This in turn is related to the concept of social return on investment, which Emerson also helped to popularize. SROI, as it is often abbreviated, refers to all the ways communities and society benefit from financial investment. In other words, it is the constitution of social capital resulting from the investment of financial capital.
Echoing the “new economists”, Emerson points out that “impact investing is not simply about aligning one’s capital with one’s values, but rather recognizing that an exclusively economic understanding of capital and value is not both to what is and to what is necessary”. [p.41] Therefore, we need multiple capitals with multiple returns. In fact, Emerson views impact investing as a Trojan horse, one that builds on but deconstructs and then transcends traditional investment thinking and practice.
Impact investing is therefore a lever to change the economic system itself so that it is less short-term, extractive, unjust, exploitative and unsustainable. In this sense, Emerson is clear that impact investing is “active and political,” not along political party lines, but in terms of advancing an agenda of reform rather than conservation. , defense or maintenance of the status quo. He does not side with narrow business and financial interests, but with those who need social and environmental justice.
In order to achieve all of these goals – and to embrace the true purpose of capital – Emerson encourages us to take a total portfolio management approach to impact investing, whereby it intends to deploy capital across a range of asset classes and across a multitude of strategies, from philanthropic investments to close-to-market and market-rate investments. In other words, we should employ different approaches for different types and scales of impact, and expect different social, environmental, economic and financial returns. The net result is a weighted value.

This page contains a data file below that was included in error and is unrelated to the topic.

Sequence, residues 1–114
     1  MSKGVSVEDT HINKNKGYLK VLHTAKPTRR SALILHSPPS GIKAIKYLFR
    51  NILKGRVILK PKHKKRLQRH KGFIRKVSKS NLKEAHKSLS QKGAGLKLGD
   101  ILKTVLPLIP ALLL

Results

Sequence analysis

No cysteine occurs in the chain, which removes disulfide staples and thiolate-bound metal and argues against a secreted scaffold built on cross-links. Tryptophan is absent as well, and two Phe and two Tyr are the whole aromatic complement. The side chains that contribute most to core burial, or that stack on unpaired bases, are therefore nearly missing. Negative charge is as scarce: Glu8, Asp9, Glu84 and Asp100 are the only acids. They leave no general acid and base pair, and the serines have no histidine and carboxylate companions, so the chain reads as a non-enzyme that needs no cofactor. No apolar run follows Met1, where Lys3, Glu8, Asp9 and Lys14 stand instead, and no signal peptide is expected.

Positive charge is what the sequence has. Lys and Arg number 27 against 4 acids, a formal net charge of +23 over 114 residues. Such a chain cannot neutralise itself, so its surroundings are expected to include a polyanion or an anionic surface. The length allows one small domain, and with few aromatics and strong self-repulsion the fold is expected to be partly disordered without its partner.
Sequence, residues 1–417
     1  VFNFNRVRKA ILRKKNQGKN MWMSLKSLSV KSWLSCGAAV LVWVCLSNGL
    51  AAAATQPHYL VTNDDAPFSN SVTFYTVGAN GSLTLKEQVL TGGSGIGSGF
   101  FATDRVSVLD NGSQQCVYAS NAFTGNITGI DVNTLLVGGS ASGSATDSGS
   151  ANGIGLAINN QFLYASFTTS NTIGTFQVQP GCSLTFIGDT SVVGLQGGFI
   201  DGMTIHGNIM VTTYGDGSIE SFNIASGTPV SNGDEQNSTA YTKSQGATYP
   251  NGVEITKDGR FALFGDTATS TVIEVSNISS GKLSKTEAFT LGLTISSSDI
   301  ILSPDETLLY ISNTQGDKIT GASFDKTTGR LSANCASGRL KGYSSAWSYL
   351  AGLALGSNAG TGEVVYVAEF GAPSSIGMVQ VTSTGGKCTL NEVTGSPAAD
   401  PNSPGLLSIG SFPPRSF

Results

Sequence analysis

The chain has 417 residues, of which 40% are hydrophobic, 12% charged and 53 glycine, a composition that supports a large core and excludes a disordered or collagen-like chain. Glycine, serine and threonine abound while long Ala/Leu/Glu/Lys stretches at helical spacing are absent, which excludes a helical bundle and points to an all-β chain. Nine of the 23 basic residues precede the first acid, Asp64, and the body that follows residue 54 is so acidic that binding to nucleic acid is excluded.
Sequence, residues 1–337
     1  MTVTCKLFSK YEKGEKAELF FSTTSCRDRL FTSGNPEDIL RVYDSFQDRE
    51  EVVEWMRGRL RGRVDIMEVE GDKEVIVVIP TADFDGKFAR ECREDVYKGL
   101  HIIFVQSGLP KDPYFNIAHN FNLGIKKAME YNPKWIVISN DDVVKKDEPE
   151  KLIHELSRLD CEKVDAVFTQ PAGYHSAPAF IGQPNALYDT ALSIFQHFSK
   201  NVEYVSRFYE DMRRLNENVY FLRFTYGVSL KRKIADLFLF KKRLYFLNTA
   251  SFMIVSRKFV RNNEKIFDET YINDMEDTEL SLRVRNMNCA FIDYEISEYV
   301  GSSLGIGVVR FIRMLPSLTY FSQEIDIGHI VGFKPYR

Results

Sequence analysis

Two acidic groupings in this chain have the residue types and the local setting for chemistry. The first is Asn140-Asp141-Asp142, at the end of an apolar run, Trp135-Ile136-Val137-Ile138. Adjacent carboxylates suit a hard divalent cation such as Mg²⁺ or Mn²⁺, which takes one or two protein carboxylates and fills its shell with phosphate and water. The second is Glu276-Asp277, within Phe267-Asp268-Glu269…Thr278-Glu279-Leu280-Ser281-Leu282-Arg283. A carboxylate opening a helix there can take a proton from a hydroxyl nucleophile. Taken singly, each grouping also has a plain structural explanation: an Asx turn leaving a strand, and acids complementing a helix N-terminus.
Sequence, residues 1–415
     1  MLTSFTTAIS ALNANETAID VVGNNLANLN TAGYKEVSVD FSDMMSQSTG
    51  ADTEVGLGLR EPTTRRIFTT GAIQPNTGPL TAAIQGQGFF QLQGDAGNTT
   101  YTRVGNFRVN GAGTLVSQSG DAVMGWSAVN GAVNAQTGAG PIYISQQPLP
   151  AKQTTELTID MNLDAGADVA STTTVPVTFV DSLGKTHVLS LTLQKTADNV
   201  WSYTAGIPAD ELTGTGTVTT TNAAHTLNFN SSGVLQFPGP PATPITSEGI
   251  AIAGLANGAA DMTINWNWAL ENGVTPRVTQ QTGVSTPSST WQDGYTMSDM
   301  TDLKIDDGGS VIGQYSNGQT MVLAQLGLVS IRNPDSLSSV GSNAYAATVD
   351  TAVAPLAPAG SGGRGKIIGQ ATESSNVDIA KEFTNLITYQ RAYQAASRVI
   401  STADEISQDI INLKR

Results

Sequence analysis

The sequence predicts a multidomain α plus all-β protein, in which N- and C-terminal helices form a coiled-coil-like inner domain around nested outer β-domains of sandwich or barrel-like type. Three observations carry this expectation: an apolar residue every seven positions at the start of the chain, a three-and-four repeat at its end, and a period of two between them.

It is worth mentioning that, despite being associated with the concepts of blended value, impact investing, and social return on investment, Emerson strongly opposes the bogging down of labels. In the two value creation roundtables I moderated, on behalf of the Antwerp Management School and the Academy of Business in Society, and in which Emerson participated as a panelist, I was struck by repeatedly by his humility and determination to go beyond buzzwords. to actions that change the way capitalism is practiced. He’s a man of ideas, but that rare type who isn’t attached to those ideas just because they were born with him.
[i] Emerson, J. (2003). The mixed value proposition: integrating social and financial returns. California Management Review, Summer, 45(4).
[ii] Emerson, J. (2018). The purpose of capital: elements of impact, financial flows and natural being. Mixed Value Group Press.
Kaleidoscope Futures is a think tank, education and media company founded in Cambridge, UK, and focused on promoting a better and brighter future. Our goal is to help organizations and individuals strengthen the revolutionary movement to prosper, regenerate nature, society and economy.